Hussein Smko premiered Ballade: The Rain Song at the 2017 Battery Dance Festival, on a platform with a view of the Statue of Liberty. There couldn’t have been a better backdrop. The work pairs Smko’s unique fusion of contemporary dance and hip hop with powerful spoken word read by journalist and Iraqi-American refugee Riyadh Mohammed. With the icon of freedom behind them, their performance drew on their experiences as Muslim immigrants to this country and channeled their resistance to Islamophobia.
“The work might be sensitive,” says Smko, an Iraqi of Arab-Kurdish roots, “but it’s what we witness and what’s going on, and you need to be aware of it.”
In fact, he moved to the U.S. not only to get top-notch training, but also to challenge prejudice through his art. “I could have done something in Kurdistan,” he says, “but it wouldn’t have been as effective. I came here to give a different image from how Muslims are portrayed.”
Smko is one of thousands of dance artists who have come to America from all parts of the world and represent a panoply of races, faiths and cultures. In an era of escalating hate crimes, new laws and increasingly stringent immigration policies, they face unique challenges.
Assumptions About Identity
After first visiting the U.S. on a scholarship, in 2016 Smko got his green card and moved to New York City, where he dances for Battery Dance Company and makes solo pieces and films. For now, his focus is on creating work that foregrounds his experiences with war and immigration and addresses anti-Muslim prejudice. Yet no artist wants to be pigeonholed. “I don’t want for the rest of my life to do just one thing,” he says.
“The assumption is that if somebody is an immigrant, they are a representative of everyone from their country or their culture—or they have to assimilate,” says Alejandra Duque Cifuentes, the executive director of Dance/NYC. In 2018, the nonprofit service organization released two studies on foreign-born dance artists in New York City, and in 2019 produced Advancing Immigrants. Dance. Arts., a survey and analysis on the needs of immigrant dance artists in the New York City area. “What we found is that immigrant dance artists are making dance across all of it: ballet, contemporary, culturally specific forms, fusion work.”
As central as the immigrant experience is to an artist’s identity, many choose not to make it a focus of their choreography. Modern dancer Peiling Kao, for example, emigrated from Taiwan in 2007. Though her work may not overtly address political or cultural issues, her Asian identity is sometimes regarded as “other.” She experienced this during her 2016 participation in Hope Mohr Dance’s Bridge Project: Ten Artists Respond to Locus, in which the dancemakers were inspired by Trisha Brown’s 1975 solo.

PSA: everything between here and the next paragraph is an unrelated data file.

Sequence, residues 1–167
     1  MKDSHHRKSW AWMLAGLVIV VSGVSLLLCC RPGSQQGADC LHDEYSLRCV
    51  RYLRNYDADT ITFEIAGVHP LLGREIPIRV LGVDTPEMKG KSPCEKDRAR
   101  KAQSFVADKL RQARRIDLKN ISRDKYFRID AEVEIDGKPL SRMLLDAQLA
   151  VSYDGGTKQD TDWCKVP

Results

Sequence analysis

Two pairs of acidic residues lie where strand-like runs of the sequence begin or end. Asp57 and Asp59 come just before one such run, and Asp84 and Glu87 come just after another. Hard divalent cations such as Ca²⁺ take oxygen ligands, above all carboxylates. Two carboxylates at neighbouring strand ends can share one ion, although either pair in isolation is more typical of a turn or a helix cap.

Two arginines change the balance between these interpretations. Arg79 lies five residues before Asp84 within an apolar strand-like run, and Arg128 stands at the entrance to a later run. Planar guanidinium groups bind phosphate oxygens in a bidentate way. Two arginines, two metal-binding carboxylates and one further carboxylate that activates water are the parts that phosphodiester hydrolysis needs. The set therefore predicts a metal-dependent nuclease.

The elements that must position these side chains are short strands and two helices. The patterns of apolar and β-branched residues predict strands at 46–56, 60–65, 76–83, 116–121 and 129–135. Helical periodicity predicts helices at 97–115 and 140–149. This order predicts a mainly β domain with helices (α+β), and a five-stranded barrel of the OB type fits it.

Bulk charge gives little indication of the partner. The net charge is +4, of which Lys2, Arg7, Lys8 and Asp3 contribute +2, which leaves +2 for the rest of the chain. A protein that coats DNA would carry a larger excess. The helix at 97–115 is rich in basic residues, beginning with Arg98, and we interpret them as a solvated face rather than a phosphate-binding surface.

Marley Aiu, Courtesy Kao
“When Trisha Brown choreographed Locus,” Kao explains, “one of her prompts was to help her to understand more of her movement vocabulary, to understand more of herself as a mover. I thought, Wow, I can use that as a prompt too.” So Kao, who trained in ballet, modern and Chinese dance forms, incorporated elements of classical Chinese movement into her interpretation.
“In the post-show discussion, an audience member asked me if I am trying to empower my Asian identity,” recalls Kao, now 47 and an assistant professor of dance at the University of Hawai’i at Manoa. “It made me wonder, Why haven’t you seen me as a Taiwanese until you see me do Asian movement? Is my yellowness erased when I do modern, but when I do a gesture of Chinese dance, somehow my yellowness becomes even more yellow?”
Assumptions about who immigrants are based on their country of origin or their ethnicity can impact performance opportunities, as well. “A presenter might be more reluctant if they don’t already have a huge following,” says Cifuentes. “Or presenters say, ‘We already have the Latino for this season.’ ”
Barriers to Entry
In addition to the costs of training and rehearsal space that all dancers and choreographers contend with, immigrant artists tend to bear daunting financial and social burdens, says Cifuentes. “There are lawyer costs, visa costs, language barriers, social media harassment, and they often don’t know what resources they can access,” she says. “And if they are undocumented, they might face deportation.”